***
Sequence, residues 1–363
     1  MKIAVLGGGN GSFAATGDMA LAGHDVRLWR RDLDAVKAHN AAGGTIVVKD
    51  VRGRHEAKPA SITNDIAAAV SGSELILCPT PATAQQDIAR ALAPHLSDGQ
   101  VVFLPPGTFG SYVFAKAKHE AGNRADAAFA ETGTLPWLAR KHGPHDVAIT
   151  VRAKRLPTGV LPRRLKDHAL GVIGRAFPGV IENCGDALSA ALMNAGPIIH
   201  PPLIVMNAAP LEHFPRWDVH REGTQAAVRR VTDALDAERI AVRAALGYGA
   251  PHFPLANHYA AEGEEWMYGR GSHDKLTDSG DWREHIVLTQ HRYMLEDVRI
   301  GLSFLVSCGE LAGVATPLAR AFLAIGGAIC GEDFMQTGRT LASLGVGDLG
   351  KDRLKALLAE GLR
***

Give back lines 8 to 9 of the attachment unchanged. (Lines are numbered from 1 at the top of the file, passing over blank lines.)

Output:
   301  GLSFLVSCGE LAGVATPLAR AFLAIGGAIC GEDFMQTGRT LASLGVGDLG
   351  KDRLKALLAE GLR